Anger and bad memories are normal

Feelings of anger are common even in the mildest cases of grief. Following a suicide, however, these feelings of anger and abandonment may be heightened even more. Also, due to the circumstances of a suicide, those grieving may experience the negative memories surrounding the suicide and forget the more positive memories and experiences of the person who passed away. The most important step you can take when experiencing these feelings is too fully experience You must comprehend and accept your negative feelings before moving on to more positive memories.

Invest in yourself and be patient

It’s natural to feel guilty after a friend or loved one dies by suicide. You may feel like you missed a warning sign, or that you could have done something different that would have changed the outcome. It’s important to understand that you were not the only influence on the person’s life, and there are limits to your power and responsibility. Learn to forgive yourself and be patient with the process.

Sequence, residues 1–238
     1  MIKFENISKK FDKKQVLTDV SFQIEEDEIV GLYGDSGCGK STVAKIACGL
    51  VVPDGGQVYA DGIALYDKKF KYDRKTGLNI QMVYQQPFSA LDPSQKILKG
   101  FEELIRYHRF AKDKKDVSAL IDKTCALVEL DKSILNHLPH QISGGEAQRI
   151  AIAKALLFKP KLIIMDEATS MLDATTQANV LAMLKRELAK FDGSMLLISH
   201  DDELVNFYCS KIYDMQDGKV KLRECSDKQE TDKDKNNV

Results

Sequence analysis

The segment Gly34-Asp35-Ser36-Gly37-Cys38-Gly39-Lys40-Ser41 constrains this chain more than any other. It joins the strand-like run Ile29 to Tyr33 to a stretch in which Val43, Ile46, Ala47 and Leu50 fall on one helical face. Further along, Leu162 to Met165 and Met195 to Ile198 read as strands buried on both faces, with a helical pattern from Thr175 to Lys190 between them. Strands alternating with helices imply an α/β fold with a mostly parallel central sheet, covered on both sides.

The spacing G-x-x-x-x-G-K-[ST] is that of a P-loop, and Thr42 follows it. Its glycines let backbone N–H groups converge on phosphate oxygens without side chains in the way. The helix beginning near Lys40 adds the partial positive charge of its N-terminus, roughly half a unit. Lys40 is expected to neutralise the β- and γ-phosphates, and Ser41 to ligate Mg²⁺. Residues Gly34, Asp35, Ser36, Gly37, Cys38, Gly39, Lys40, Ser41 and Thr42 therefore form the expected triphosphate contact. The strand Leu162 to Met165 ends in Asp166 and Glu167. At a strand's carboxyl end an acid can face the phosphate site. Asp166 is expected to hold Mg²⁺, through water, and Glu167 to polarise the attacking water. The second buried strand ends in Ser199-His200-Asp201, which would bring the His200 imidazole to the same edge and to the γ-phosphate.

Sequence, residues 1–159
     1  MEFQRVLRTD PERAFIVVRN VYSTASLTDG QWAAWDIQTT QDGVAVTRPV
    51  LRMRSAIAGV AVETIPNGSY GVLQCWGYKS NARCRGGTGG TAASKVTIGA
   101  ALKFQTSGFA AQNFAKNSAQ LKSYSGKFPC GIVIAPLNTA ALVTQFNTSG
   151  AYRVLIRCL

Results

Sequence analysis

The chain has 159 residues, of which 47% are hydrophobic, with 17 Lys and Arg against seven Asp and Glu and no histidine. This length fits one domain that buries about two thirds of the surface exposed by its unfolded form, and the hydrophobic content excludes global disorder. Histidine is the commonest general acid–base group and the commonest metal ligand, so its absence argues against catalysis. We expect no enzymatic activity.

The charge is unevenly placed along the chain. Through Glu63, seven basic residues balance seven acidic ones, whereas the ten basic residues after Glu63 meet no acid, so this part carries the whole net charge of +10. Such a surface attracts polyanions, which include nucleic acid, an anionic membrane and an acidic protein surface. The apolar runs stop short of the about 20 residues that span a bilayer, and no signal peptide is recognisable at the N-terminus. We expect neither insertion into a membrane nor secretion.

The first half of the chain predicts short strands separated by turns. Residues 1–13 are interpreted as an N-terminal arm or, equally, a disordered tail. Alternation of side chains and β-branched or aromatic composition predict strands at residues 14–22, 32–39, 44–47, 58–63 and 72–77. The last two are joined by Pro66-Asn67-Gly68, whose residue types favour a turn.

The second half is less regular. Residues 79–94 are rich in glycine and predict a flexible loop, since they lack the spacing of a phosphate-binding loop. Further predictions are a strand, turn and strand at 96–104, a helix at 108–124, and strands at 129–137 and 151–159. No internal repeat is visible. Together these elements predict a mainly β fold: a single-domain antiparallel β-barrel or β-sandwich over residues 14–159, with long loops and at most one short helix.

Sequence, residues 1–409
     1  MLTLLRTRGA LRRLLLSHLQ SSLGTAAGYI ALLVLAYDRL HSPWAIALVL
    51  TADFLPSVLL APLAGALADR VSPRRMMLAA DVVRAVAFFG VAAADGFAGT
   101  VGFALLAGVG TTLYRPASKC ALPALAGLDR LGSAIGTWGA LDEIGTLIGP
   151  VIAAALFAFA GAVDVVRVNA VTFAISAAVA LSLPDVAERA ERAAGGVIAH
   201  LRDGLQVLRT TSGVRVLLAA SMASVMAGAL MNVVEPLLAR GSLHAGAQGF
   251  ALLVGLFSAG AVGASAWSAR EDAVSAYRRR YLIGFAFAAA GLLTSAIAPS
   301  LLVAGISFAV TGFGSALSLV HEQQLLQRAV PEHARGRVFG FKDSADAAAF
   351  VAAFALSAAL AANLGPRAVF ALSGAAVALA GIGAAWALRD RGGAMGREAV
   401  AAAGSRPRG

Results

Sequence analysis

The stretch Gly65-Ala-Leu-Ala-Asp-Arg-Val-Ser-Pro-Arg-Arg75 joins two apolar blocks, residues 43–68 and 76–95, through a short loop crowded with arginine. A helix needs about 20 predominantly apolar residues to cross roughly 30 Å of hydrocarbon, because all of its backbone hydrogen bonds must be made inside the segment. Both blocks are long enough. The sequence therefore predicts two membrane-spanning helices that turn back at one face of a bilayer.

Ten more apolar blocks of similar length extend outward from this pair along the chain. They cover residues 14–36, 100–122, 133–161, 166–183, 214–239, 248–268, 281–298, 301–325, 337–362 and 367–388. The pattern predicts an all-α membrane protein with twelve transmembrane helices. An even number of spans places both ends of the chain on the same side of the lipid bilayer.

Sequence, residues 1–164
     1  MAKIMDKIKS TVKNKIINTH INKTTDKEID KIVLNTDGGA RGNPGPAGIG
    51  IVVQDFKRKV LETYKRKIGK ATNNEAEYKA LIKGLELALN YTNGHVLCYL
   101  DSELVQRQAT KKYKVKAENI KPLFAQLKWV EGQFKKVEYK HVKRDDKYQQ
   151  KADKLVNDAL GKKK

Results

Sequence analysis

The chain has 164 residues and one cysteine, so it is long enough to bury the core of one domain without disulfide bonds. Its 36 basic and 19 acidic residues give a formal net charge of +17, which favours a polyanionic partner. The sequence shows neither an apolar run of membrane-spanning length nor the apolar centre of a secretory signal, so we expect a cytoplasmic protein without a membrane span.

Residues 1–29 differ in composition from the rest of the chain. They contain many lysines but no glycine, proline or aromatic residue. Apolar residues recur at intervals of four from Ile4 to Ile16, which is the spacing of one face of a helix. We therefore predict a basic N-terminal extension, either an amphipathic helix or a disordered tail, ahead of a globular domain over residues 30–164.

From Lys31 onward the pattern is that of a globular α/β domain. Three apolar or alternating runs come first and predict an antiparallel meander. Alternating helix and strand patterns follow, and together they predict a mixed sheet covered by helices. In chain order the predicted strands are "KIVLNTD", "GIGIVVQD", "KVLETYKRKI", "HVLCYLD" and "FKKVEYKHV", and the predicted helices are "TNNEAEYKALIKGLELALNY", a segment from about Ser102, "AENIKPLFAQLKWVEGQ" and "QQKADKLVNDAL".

Learn to rely on others

Just as any other cycle of grief, the pain you experience after losing someone to suicide may cause you to put your life on hold. It may force you to change your routines, behaviors, and may just disrupt your life in general. It’s natural to feel flustered by new responsibilities, or even isolated by your grief. One way to help with both of these feelings is by learning to rely on others. Whether it’s a family member or close friend, reaching out to others for help and guidance during your time of need is a healthy and proactive way to work through your grief.

The tragedy of suicide is one that can be prevented in certain cases. If you or someone you know is considering suicide, please know that there is help available. Please call the hotline number listed below, or share how you’re feeling with a trusted family member or friend. You are not alone.

National Suicide Prevention Lifeline: 1-800-273-8255

Post written by Katie Karpinski 

Information gathered from Bearing the Special Grief of Suicide by Arnaldo Pangrazzi